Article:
Lady Gaga at the 3Arena, Dublin – Review

Lady Gaga 3Arena Dublin Review

Lady Gaga 3Arena Dublin Review

Lady Gaga. Two words that either incur eye-rolling or avid excitement, some despise her over-theatrical mannerisms whilst others clearly align themselves with the Mother Monster, see her as a musical revelations. To be honest, I wasn’t sure where I stood, I liked her music, I liked that she was passionate, but I didn’t know if I was quite the Little Monster when I set out to the 3Arena last night. yet as avid fans travelled in their droves to see Gaga before her only Irish date this year, it was hard to shake the pulsing enthusiasm that rolled off them in waves, many spoke of her “Born This Way Tour” claiming it to be both a visual and musical feast. It’s safe to say that Gaga puts as much into her live performances as she does into her set and choreography, the girl next to me commented that one could not simply focus on one element of the show, it was a menagerie of people dressed of butterflies, glitter and confetti, and numerous costume changes. Emerging through a trap door in a plume of smoke, looking like some sort of sci-fi angel with  golden spider wings, encircled by a handful of dancers, losing their minds to pumping techno music. Bursting on the stage with the title track of her third album, ‘Art Pop’, donning a gold, shimmering leotard, Gaga’s voice is as powerful live as it is on her album, a rare occurrence in music these days. Her set initially focused on the firm fan favourites from Art Pop, ranging from ‘G.U.Y’ to ‘Venus’. An array of shimmering lights and confetti twinkling through the air, you can’t help but get into the swing of a rave atmosphere. Looking out into the sea of people that had been crammed into the arena, it’s obvious that Gaga’s fans extend far beyond on the category of the twentysomethings, as I noticed a man in business suit rocking out to “Do What U Want”, glow stick in hand. A sight that had to be seen.

What’s even more impressive than her fan-base are her multiple costume changes, choosing to do her costume change (which left little to the imagination) for ‘Bad Romance’ in front of the audience. Normally, costume changes that interfere with the performance incite a sense of mild fury within me. But she did so with such speed and each was incredibly different to the last one she had donned that I couldn’t help but feel a little spark of admiration in me, she doesn’t let it hinder her routine- she uses it as a means of reflecting the varying meanings of the songs. How she manages to keep the wigs on her scalp will remain a mystery to me, I could only watch in awe as she swung a butterscotch-shade mane of hair around and simultaneously played guitar. “She’s hideously talented, isn’t she?” my friend said. It’s true, she is. She makes the smoothest of transitions from leading her dance troupe in a routine to “Just Dance” to then sitting at the piano as she sung a heartfelt rendition of “Dope”- which she said was dedicated to anyone who, like her, had suffered from any form of addiction. She is a performer and musician who extends a hand to her fans through her lyrics and soaring vocals. People will say that the way she speaks to her fans, trying to unite them through their love of themselves, their uniqueness, fashion, art, and music, is a little contrived, I can’t say if that’s the case after watching her perform last night. Taking a tiny fan, almost screaming in delight at the fact that it was “a genuine Dublin kid”, Gaga wrapped an arm around her as she sung and it seemed like the most sincere action, I don’t even care if it wasn’t, her fan’s tears of delight rolling down her cheeks demonstrated that she had made someone’s night.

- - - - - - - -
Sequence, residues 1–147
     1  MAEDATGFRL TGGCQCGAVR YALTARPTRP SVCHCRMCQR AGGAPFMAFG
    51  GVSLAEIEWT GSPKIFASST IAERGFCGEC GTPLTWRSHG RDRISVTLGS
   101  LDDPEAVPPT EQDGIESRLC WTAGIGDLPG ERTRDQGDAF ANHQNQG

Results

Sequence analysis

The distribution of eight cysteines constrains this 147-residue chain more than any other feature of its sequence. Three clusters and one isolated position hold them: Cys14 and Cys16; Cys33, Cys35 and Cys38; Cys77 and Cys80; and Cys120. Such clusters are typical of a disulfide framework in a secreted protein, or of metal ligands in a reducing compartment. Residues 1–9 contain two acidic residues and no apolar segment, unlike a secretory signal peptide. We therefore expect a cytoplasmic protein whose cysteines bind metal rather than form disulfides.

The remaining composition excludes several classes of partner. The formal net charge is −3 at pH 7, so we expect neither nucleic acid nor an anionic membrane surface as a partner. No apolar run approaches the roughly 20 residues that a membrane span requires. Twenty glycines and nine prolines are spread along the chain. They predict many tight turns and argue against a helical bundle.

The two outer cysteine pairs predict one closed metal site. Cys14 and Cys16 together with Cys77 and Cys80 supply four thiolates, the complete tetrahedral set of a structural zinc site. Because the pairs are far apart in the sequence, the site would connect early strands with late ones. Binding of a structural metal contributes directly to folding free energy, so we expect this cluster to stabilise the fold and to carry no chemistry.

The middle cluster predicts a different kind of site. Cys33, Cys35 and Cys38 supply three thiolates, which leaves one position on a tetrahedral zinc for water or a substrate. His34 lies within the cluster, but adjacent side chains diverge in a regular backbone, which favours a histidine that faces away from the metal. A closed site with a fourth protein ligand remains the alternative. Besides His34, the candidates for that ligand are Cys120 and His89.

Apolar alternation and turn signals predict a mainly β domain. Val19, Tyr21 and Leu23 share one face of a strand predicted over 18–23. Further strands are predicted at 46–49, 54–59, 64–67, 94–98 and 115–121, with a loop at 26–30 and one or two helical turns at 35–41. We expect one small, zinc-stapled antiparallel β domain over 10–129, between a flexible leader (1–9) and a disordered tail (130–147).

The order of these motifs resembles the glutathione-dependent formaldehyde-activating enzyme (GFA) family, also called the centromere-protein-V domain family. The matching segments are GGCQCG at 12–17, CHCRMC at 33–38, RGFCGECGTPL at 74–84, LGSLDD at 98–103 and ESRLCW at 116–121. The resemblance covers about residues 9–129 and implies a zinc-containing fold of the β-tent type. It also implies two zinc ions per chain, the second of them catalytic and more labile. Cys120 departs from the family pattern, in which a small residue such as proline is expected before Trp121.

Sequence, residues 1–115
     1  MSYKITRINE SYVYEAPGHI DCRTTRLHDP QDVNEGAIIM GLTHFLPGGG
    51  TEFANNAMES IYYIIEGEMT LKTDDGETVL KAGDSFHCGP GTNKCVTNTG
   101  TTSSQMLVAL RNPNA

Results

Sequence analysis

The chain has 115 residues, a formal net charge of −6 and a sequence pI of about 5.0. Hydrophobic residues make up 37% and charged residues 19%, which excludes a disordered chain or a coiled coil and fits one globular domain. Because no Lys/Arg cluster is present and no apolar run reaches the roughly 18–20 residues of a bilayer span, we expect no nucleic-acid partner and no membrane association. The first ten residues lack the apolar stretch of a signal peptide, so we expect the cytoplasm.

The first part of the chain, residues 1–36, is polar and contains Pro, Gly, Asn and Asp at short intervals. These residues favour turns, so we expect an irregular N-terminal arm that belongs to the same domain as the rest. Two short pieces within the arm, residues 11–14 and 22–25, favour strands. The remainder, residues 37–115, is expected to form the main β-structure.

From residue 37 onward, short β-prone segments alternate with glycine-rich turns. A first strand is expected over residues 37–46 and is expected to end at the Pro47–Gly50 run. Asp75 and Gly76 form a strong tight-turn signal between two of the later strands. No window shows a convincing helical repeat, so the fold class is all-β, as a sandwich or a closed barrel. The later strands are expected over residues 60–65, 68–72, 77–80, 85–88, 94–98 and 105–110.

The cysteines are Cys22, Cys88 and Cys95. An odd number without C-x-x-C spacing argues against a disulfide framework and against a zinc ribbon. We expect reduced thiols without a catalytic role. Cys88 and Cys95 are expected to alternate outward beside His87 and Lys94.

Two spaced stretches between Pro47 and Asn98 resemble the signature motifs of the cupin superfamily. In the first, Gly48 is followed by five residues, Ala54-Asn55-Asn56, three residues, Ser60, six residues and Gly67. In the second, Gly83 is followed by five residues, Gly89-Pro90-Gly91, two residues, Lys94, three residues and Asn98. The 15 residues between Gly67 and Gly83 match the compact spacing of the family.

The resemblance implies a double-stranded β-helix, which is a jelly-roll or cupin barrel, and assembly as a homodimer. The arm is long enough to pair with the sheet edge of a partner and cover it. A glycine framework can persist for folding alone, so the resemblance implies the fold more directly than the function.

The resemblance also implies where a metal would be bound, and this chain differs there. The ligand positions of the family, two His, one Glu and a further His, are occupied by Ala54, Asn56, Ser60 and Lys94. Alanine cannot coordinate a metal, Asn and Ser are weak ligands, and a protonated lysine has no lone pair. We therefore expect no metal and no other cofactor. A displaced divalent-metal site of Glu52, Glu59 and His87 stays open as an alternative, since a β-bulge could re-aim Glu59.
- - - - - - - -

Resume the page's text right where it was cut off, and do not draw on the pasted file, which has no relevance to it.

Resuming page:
Her show is some sort of grandiose combination of a concert, fashion show, and performance art (her recital of ‘Swine’ cements the latter, where her dancers projected paint form their mouths onto a canvas as she sang). She also has wondrously cool jazz moments, speaking of her latest collaboration with Tony Bennett and dressed like Cher, she sang a deliciously slow and bubbling version of ‘Bang Bang’, showing that she is just as talented without a billion, body-painted dancers shimmering in the background. The sane went for her encore of ‘Gypsy’, it was the perfect closing number, a vibrant song that allowed her to show just what a multi-talented artist she is. After last night, watching her perform the fan favourites and some of her newer tracks, I can safely say it is the most insanely vivacious and animated performance I have ever witnessed. Similarly, she is the most dramatic, emotional, and animated artist I have had the good fortune to see live, I’m excited what direction her next musical release will take and how any future tours will top this one.

Review by Elaine McDonald


Lucy Ivan

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